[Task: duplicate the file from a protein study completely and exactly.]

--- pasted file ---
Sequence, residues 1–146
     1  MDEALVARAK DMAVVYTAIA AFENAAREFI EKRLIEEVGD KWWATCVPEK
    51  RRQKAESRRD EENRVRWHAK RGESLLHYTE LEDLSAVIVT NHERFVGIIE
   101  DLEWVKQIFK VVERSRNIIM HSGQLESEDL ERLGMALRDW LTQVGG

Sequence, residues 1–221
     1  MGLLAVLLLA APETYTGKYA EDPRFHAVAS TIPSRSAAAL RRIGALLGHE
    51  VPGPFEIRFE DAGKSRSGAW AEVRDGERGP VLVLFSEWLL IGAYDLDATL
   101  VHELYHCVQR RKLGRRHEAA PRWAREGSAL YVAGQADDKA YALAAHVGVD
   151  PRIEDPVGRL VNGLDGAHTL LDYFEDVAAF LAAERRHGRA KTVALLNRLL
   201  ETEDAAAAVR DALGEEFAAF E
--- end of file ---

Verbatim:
Sequence, residues 1–146
     1  MDEALVARAK DMAVVYTAIA AFENAAREFI EKRLIEEVGD KWWATCVPEK
    51  RRQKAESRRD EENRVRWHAK RGESLLHYTE LEDLSAVIVT NHERFVGIIE
   101  DLEWVKQIFK VVERSRNIIM HSGQLESEDL ERLGMALRDW LTQVGG

Sequence, residues 1–221
     1  MGLLAVLLLA APETYTGKYA EDPRFHAVAS TIPSRSAAAL RRIGALLGHE
    51  VPGPFEIRFE DAGKSRSGAW AEVRDGERGP VLVLFSEWLL IGAYDLDATL
   101  VHELYHCVQR RKLGRRHEAA PRWAREGSAL YVAGQADDKA YALAAHVGVD
   151  PRIEDPVGRL VNGLDGAHTL LDYFEDVAAF LAAERRHGRA KTVALLNRLL
   201  ETEDAAAAVR DALGEEFAAF E